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«Volume 1 - Winter 2007 In This Issue STARLAB e-News is Here! STARLAB Funding Finder ● ● STARLAB for Mathematics Education Ask the Editor ● ● ...»

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Volume 1 - Winter 2007

In This Issue

STARLAB e-News is Here! STARLAB Funding Finder

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STARLAB for Mathematics Education Ask the Editor

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STARLAB Activity: How Many Stars Are in the The Inside Scoop from LTI

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Sky? The Digital Dish: Latest News on Digital ● "Astronomy Ignoramus" Shares Her Love for STARLAB ● Astronomy Meeting the National Standards with Project STAR ● STARLAB Tips: First-time User Planning Workshop & Convention Calendar ● ● New Ideas Under the Dome Bulletin Board ● ● Planet Positions & Moon Phases ● It's Back! STARLAB e-News is Here.

Welcome! After a brief hiatus, STARLAB News (now called STARLAB e-News) is back in its new electronic form. As in past versions, the newsletter is filled with information on STARLAB — activities, news from fellow STARLAB users, workshops & convention listings, tips, funding information, new products, and more — as well as general astronomy-related news items. This inaugural electronic version features an article written by our editor, Gary D. Kratzer, who is a science teacher from Sulphur, Louisiana, on how STARLAB can be used for the teaching of mathematics. We hope you enjoy! As always, we welcome your ideas and input. Keep it coming!

STARLAB for Mathematics Education by Gary D. Kratzer In past issues we have looked at the ways STARLAB is used for literacy and social studies (see archives). Now in this issue, we will spotlight the way STARLAB can make mathematics education come alive for students.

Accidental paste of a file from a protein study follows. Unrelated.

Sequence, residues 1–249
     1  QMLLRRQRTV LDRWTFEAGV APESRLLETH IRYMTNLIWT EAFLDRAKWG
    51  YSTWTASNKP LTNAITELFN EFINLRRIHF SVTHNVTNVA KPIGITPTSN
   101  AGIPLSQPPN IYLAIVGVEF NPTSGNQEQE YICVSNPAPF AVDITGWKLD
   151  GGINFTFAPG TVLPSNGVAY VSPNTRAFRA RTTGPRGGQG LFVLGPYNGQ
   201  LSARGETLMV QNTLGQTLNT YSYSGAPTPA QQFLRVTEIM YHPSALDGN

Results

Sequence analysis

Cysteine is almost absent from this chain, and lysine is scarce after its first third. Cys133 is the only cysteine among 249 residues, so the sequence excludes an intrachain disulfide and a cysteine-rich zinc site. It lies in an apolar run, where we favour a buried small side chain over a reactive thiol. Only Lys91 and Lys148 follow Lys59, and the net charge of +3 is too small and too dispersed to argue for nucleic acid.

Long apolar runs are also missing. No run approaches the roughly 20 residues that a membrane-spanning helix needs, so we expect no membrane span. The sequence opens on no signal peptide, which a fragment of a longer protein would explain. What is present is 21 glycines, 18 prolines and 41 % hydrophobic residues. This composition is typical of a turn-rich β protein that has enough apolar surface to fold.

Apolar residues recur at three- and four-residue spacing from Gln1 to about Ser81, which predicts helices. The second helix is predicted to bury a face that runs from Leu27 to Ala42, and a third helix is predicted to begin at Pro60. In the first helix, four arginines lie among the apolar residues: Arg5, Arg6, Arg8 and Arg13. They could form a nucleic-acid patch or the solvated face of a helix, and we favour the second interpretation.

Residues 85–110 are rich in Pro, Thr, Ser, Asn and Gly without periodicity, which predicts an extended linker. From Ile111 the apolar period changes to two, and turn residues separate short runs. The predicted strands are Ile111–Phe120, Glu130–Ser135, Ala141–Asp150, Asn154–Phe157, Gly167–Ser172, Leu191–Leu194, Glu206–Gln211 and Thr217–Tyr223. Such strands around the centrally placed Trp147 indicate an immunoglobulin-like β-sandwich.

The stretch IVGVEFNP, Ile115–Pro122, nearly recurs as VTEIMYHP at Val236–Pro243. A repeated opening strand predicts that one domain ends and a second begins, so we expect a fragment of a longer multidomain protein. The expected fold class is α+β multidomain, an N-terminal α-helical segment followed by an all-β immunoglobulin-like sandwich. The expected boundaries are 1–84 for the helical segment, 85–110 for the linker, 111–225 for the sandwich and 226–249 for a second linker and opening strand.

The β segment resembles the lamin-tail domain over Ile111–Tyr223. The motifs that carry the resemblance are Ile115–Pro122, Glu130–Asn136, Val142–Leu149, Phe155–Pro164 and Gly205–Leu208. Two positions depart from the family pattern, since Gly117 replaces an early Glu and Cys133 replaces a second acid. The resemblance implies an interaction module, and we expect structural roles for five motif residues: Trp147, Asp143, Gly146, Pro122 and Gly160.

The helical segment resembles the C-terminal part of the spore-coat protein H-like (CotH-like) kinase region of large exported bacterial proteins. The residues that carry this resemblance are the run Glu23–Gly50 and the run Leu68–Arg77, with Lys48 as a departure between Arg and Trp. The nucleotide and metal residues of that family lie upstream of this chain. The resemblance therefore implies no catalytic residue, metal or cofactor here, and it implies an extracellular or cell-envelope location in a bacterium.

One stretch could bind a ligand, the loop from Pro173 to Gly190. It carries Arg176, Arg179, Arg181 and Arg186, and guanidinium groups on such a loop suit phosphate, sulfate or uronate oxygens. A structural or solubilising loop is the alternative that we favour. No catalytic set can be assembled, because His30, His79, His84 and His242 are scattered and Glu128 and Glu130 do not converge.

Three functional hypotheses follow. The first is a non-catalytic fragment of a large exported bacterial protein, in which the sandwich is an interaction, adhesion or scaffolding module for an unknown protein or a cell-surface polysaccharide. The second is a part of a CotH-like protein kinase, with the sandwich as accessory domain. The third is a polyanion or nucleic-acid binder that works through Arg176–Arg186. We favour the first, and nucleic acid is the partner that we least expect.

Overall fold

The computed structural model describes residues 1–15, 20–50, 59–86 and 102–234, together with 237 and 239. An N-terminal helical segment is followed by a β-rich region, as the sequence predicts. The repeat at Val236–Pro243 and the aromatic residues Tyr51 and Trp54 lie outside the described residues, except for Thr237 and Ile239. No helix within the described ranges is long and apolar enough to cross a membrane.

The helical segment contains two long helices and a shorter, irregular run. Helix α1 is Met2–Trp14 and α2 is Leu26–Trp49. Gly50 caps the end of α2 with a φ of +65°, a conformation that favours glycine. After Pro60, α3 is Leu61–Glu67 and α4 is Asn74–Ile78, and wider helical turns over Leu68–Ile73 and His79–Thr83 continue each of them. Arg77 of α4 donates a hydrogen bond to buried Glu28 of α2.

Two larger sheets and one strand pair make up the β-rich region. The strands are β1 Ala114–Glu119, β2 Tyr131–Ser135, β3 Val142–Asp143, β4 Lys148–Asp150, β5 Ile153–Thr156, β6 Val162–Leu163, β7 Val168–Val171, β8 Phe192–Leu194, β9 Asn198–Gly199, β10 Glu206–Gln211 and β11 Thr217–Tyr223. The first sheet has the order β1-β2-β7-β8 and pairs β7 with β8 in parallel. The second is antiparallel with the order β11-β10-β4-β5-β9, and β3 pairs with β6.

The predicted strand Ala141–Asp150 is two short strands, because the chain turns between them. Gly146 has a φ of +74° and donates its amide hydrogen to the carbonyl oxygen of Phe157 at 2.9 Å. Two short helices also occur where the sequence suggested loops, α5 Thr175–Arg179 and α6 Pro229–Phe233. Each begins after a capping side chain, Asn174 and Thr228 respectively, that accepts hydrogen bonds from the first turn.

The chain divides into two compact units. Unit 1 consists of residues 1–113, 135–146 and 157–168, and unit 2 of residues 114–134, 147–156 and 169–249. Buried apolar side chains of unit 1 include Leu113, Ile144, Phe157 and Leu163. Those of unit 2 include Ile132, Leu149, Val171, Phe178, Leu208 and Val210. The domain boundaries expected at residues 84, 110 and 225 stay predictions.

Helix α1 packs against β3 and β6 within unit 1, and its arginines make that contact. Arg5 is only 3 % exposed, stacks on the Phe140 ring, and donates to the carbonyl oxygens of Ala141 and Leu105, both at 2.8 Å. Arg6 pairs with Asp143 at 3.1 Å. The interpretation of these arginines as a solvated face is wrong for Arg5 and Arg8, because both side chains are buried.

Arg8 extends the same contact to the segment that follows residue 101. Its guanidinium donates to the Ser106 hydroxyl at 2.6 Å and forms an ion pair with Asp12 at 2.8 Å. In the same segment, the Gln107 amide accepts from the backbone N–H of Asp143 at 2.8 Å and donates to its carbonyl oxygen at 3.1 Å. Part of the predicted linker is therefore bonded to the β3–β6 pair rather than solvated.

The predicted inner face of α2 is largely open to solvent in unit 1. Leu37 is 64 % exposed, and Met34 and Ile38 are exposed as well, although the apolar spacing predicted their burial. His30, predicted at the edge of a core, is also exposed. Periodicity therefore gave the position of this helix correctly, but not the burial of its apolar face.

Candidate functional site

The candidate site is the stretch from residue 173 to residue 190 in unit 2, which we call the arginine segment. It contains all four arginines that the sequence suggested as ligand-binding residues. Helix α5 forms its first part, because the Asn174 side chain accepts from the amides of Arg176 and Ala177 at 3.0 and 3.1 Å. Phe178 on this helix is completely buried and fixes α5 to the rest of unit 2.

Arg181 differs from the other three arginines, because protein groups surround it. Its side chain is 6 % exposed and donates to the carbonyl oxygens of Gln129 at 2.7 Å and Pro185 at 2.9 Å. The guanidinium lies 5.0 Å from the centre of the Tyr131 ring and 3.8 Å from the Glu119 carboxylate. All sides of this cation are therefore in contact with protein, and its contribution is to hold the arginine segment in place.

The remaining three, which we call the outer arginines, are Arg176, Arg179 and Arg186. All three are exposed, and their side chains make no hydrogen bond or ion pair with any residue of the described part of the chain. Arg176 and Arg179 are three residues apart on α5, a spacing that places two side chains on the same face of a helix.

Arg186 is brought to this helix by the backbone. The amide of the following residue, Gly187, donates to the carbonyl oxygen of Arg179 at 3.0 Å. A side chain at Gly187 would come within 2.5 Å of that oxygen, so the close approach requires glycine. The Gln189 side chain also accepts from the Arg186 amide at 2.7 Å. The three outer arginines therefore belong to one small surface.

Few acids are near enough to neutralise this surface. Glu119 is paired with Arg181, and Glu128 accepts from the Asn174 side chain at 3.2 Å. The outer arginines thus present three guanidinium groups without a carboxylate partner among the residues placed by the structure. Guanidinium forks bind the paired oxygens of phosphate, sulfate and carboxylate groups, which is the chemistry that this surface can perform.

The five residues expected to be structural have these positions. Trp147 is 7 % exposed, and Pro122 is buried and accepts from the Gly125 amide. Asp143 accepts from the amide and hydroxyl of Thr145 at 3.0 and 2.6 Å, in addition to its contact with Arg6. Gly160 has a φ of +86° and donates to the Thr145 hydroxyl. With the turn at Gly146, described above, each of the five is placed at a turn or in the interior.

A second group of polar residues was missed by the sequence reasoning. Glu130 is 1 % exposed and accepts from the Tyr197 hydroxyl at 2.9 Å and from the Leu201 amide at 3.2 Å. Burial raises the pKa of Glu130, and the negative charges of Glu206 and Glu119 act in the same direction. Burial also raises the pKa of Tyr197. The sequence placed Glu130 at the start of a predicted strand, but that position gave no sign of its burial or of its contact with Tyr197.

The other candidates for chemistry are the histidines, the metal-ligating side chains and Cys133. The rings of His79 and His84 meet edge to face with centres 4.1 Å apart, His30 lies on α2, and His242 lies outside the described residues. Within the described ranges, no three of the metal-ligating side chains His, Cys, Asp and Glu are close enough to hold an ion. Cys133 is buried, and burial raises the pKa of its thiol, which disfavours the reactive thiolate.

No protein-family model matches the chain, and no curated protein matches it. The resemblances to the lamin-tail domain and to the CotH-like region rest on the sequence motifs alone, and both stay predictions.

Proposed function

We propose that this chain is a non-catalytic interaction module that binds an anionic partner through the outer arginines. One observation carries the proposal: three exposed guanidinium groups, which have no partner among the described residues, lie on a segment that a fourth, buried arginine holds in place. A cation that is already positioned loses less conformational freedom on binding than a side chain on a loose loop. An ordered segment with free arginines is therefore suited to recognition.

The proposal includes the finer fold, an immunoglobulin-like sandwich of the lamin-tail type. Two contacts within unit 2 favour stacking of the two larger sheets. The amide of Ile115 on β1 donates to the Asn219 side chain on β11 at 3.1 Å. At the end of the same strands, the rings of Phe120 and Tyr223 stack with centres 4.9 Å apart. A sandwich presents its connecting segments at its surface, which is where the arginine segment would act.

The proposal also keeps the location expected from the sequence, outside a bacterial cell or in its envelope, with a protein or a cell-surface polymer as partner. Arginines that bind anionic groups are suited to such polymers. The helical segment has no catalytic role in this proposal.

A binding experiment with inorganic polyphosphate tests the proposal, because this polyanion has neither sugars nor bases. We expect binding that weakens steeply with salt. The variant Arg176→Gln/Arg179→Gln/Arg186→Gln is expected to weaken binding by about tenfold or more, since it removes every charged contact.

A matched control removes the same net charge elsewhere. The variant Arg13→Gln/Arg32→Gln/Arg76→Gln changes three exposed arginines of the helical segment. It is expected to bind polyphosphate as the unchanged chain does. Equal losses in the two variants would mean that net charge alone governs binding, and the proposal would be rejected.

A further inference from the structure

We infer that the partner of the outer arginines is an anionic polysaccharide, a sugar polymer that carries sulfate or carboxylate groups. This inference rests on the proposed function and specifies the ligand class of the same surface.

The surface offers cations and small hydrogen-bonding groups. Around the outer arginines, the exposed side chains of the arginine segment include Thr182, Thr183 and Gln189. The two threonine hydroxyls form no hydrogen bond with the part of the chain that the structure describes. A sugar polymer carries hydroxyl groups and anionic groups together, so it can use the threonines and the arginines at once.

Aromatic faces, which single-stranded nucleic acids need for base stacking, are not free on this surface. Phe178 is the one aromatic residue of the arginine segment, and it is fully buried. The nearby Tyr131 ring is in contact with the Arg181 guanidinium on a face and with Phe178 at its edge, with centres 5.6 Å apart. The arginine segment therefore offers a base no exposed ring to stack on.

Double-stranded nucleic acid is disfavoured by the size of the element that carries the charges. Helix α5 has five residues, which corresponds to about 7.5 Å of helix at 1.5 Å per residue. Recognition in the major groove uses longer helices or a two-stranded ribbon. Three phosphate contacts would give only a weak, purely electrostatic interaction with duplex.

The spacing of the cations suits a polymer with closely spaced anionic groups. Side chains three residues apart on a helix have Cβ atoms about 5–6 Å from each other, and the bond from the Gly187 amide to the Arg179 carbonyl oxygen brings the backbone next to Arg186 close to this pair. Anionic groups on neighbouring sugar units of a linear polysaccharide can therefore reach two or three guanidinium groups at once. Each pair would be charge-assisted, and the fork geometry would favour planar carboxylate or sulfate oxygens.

Why Mathematics is Important "Excellence in mathematics education requires equity – high expectations and strong support for all students."

— The Equity Principle, National Council of Teachers of Mathematics Mathematics is the study of form, quantity and magnitude of numbers. All students need access each year to a coherent, challenging mathematics curriculum that is taught by competent and well supported mathematics teachers.

Some students may need more than an ambitious curriculum and excellent teaching to meet high expectations and excite them about math. Effective mathematics teaching requires understanding what students know and need to learn and then challenging and supporting them to learn it well.

STARLAB and Mathematics

STARLAB, can play an essential tool in teaching and learning mathematics effectively. It can reinforce and make more concrete mathematics concepts that are taught in a classroom or from a textbook thereby enhancing student learning. Powerful tools that offer visual representation provide students access to mathematical content and contexts that would otherwise be too complex for them to explore. STARLAB can facilitate students’ achievement of a variety of higher-order learning outcomes, such as reflection, reasoning, problem-solving, and decision-making.

Additionally, students with physical challenges can become much more engaged in mathematics using STARLAB.